The Pew Center reports that 57% of American adults use their mobile phones to browse the internet. Among smartphone owners, the number is much higher: 93 percent.
If you haven’t already, make sure your website is optimized for mobile viewing.
As you work with a designer or publisher on your book cover, ensure that it displays well in a thumbnail size.
Keep all your digital pages clean; the faster it downloads, the more likely browsers are to stay a while.
Forge and TOR both publish sci-fi and fantasy. They’re under Macmillan’s umbrella so they represent major players who accept submissions directly from authors.
Willow Creed Press specializes in nature, outdoor and sporting books. Prospective authors should submit a chapter-by-chapter outline and sample chapters via mail.
Often I talk to authors about selling themselves to readers as much as their books. It’s natural for readers to want to know more about authors, their motivation for writing a particular book, even about the writing process.
Nowadays, with short books and short stories being produced in ebook and even print formats, there’s an added ability to market your books. No matter what you’re writing, you can create adjunct books.
Consider a self-help author with a workbook…the workbook isn’t the primary self-help book but it adds to the original publication in a helpful manner. Novelists, too, can use this idea by writing short stories about appealing secondary characters in their stories.
These can be sold, of course, or given away to generate interest in the book. Since most adjunct books are short, the time and effort to produce them is often much less than what the original project required.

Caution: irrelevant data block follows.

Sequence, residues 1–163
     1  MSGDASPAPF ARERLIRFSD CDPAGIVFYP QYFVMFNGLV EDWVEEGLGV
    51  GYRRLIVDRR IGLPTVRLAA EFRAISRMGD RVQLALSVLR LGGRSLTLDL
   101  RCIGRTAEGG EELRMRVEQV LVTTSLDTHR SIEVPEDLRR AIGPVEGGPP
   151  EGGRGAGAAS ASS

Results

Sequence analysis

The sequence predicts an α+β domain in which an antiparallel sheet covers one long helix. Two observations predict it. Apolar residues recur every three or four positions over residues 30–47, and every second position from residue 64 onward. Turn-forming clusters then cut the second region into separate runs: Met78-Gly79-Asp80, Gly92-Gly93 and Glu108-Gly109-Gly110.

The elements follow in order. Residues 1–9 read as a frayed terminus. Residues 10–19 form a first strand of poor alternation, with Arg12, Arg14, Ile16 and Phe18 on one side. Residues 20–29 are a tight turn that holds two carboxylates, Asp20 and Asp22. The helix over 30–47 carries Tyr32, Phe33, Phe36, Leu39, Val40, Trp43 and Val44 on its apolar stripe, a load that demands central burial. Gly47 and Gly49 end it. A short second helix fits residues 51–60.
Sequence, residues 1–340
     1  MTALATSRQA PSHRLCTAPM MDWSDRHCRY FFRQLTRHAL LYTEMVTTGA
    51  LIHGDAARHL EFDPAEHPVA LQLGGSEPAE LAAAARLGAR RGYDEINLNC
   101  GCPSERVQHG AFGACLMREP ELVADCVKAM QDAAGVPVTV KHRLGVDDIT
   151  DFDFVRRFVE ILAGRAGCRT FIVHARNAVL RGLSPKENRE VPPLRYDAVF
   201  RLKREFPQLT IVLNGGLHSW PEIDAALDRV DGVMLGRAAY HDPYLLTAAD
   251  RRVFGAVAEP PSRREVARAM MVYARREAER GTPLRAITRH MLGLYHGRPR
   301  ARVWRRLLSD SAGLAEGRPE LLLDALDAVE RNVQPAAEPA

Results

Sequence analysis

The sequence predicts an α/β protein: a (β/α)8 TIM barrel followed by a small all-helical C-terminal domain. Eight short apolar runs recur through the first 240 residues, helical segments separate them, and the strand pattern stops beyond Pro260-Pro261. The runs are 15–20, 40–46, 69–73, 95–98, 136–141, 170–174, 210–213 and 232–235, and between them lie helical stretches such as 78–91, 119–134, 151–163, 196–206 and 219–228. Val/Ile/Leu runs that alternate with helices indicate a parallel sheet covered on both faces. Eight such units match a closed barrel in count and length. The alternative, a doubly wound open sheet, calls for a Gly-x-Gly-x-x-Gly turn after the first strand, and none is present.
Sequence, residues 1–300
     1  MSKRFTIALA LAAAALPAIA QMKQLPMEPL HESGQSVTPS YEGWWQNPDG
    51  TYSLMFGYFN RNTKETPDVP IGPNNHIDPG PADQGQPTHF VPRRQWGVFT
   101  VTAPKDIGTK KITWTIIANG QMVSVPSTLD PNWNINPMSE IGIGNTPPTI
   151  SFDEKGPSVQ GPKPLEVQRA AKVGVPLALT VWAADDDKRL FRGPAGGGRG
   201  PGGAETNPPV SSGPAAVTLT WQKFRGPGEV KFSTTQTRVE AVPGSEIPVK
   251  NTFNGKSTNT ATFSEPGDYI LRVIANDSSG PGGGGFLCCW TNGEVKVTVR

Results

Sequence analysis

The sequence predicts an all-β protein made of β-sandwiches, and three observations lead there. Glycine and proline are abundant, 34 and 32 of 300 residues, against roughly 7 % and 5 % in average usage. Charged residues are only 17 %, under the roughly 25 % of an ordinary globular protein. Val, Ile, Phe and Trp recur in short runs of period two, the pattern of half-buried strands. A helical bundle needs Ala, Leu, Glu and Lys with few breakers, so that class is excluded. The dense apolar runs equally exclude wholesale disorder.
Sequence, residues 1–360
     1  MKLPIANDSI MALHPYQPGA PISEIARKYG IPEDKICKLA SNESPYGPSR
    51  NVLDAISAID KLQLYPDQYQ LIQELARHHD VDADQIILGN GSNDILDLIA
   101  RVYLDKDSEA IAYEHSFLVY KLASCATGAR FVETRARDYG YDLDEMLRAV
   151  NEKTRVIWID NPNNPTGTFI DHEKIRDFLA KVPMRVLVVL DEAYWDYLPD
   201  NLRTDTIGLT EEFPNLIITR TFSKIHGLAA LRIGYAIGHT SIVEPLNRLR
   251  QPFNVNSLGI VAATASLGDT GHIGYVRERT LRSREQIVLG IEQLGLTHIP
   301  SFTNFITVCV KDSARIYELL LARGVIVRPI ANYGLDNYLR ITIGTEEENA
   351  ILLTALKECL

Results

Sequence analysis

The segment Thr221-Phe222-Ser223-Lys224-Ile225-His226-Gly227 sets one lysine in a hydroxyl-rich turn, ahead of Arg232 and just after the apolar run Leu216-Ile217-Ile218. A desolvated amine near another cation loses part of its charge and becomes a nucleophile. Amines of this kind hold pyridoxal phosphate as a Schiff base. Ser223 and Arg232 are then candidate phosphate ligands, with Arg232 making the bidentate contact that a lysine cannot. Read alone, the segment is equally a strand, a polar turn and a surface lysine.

During the 2013 Frankfurt Book Fair, an entire hall will be given over to self-publishers.
The administrators don’t want to be left behind in the digital revolution. Since such a large part of that revolution is about what authors can do on their own, they invited authors, printers, and other service providers to speak and set up booths.
The Fair runs October 9 through 13.
I’ve updated the website to reflect a much more detailed idea of the different levels of assistance available. The endorsements page still needs to be updated; I’ve been so busy with helping folks that it’s been difficult to post all the different successes there!
There is now a headcount: 18 clients under contract, 3 clients under consideration for a contract, and 4 authors who won national awards after working with Writer’s Resource.
Please share as you see fit.
Recently, news from Europe indicated that self-publishing is beginning to grow at rates similar to those seen in America’s early years of self-publishing. The reasons authors choose to go their own way is the same as here: more control, a faster path to publication, and more direct contact with their readers.
FOCUS magazine said that traditional publishers will have to get on board with this trend worldwide. Providing access to bookstores, it said, is the last area where the gatekeepers still function. If publishers want to survive, they are going to have to help all authors publish and distribute their books.
Do you think survival for traditional publishing houses will hinge on this in part or in whole? Why or why not?